Frank
 

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You can find that middle in the Monks of New Skete books. I don't see the golden, but I understand why that many people is tired of the "all, only and exclusively positive methods, don't ever even raise the voice to your dog or you are an animal abuser". Even when I consider a positive trainer myself. But for the record, I have "the Art of Raising a Puppy" and consider the training chapter a waste of time, I only mention them because it seems to be what you want.

But doesn't have anything to do with the use or not of treats.

There is something called "Premack Principle: any high-frequency activity can be used as a reinforce for any lower-frequency activity." or in other words, "You can have dessert if you finish your vegetables" whatever there is a high probability your dog will do or want, that is a reward. My dog always wants to go to walks, if she sits calmly for a few seconds, I'll open the door and let her go through. This is reward based training, it doesn't use food.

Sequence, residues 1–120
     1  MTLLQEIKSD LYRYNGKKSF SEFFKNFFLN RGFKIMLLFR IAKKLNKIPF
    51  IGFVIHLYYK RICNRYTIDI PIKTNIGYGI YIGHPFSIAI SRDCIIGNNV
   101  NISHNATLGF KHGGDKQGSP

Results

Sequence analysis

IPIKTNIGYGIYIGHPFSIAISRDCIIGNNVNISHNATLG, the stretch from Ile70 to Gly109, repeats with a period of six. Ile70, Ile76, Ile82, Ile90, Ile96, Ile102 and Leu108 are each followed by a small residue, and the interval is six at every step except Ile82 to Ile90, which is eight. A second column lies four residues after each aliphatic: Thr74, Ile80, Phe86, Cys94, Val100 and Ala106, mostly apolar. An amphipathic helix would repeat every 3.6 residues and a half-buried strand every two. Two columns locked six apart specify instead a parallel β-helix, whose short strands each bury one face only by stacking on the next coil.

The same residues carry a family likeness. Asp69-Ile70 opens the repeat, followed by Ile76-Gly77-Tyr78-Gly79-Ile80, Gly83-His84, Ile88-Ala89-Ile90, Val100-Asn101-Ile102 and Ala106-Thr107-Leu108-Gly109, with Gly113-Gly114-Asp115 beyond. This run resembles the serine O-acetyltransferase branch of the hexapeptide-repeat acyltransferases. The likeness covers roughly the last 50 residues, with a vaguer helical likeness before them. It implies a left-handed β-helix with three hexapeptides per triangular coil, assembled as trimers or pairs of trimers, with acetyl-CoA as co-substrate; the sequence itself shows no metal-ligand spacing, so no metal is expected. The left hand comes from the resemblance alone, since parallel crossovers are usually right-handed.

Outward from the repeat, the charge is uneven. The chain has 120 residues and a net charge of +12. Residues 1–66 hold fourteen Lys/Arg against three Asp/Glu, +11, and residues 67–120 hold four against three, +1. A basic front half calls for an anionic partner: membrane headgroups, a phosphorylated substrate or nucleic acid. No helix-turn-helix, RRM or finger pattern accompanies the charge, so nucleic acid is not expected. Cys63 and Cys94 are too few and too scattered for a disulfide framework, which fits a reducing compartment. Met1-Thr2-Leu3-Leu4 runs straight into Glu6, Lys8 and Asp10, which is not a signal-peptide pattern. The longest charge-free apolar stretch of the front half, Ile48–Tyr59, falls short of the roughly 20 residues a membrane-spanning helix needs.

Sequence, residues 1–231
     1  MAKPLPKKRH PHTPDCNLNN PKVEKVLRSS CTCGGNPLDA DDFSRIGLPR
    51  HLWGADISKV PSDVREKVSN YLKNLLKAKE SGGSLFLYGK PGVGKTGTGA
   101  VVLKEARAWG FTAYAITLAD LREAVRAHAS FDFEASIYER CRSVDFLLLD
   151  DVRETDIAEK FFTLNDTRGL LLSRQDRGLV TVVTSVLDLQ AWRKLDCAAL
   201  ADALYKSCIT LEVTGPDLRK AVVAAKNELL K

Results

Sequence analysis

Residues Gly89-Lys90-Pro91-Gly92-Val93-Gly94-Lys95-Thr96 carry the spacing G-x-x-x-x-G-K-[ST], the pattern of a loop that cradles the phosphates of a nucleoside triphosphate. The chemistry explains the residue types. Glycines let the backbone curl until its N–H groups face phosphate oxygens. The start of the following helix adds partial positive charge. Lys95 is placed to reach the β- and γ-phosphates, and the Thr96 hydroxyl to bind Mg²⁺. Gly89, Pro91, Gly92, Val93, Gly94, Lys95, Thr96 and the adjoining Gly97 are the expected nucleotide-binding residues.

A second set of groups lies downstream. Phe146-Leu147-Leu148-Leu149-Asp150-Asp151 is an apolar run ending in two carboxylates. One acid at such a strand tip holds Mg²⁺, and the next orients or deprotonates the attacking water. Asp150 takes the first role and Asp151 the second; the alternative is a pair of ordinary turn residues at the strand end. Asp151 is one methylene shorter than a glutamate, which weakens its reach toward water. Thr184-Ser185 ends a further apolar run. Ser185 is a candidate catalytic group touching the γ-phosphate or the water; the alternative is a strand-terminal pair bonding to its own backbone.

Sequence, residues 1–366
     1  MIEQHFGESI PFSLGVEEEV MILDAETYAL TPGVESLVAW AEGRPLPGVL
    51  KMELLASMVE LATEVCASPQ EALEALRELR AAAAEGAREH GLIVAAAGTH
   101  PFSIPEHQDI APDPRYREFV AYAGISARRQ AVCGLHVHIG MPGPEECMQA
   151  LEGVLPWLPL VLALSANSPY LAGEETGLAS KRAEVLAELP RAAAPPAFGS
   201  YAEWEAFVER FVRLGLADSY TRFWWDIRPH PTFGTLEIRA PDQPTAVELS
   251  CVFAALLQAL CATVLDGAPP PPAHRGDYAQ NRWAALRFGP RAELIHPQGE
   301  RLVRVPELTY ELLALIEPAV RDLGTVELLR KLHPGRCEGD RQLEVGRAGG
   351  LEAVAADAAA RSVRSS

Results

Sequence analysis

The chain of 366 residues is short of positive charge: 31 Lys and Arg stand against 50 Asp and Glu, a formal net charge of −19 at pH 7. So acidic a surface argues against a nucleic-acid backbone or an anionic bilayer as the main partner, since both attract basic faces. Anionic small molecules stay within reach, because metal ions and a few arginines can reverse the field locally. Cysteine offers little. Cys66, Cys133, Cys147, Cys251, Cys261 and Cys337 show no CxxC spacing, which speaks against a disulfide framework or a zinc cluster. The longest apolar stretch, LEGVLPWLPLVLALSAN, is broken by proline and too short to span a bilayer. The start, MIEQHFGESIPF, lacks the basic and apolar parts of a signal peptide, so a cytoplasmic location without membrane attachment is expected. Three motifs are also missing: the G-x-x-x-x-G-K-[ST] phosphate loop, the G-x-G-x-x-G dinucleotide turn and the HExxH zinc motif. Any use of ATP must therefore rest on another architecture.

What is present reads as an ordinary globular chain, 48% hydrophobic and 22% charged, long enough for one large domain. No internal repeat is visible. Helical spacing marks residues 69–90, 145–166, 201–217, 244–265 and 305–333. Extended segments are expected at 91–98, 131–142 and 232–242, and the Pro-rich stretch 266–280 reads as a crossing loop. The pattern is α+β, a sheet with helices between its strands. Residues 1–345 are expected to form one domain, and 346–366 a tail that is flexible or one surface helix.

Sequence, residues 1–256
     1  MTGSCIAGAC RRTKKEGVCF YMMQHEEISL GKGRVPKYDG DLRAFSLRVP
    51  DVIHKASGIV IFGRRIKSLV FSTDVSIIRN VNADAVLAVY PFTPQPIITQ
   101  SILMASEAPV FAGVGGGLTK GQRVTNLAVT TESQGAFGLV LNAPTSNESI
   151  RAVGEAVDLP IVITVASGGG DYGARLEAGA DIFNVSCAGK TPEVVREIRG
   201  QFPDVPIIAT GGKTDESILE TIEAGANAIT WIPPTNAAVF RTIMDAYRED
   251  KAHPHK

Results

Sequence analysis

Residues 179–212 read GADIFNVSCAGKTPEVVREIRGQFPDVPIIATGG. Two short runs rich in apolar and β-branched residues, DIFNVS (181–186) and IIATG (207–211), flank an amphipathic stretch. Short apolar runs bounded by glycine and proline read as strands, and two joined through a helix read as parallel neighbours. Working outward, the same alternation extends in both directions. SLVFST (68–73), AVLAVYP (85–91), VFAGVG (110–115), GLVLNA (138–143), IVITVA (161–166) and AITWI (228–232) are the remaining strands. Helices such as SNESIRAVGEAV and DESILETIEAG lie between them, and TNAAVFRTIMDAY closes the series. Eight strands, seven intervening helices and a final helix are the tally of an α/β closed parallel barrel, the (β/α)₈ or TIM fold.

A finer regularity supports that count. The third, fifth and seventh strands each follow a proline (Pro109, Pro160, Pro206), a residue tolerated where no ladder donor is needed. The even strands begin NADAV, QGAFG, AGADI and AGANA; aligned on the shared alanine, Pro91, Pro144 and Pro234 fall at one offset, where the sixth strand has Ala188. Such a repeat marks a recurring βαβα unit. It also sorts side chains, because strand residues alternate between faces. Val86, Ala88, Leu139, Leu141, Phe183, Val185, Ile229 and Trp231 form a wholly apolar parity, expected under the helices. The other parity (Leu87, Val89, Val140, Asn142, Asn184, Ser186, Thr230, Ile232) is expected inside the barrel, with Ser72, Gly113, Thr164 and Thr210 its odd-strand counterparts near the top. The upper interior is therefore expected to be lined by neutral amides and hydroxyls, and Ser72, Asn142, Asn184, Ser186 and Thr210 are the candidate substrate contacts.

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Originally Posted By: adasAloha, for me, it seems there are two activites here:
1: assigning a word for a behavior. For Rasa that comes through repetition. Once you know the dog knows the word/behavior I move to----

2: Getting the dog to obey and do the behavior. That will come with the treats, bribes, cohersion, etc. as described above.

I train the opposite way. First, I get the dog to do the behavior (using praise, treats, toys, clicker, or whatever). Once the dog knows the behavior, the behavior is consistent and is at the level of accuracy I am looking for, only then do I assign a work to the behavior. Once the word is added, the dog is at the point where they already have the exact behavior I am looking for so I do not need to worry about changing the behavior and confusing the dog about what the word means. This is also what is done in clicker training.
 

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One of my three could care less about treats. He just likes to keep doing whatever we are working on. For example, when doing search I used to give him a treat. The dog would drop it and get back in a down position waiting for me to hide another object for him to find.

My other dogs, treats help.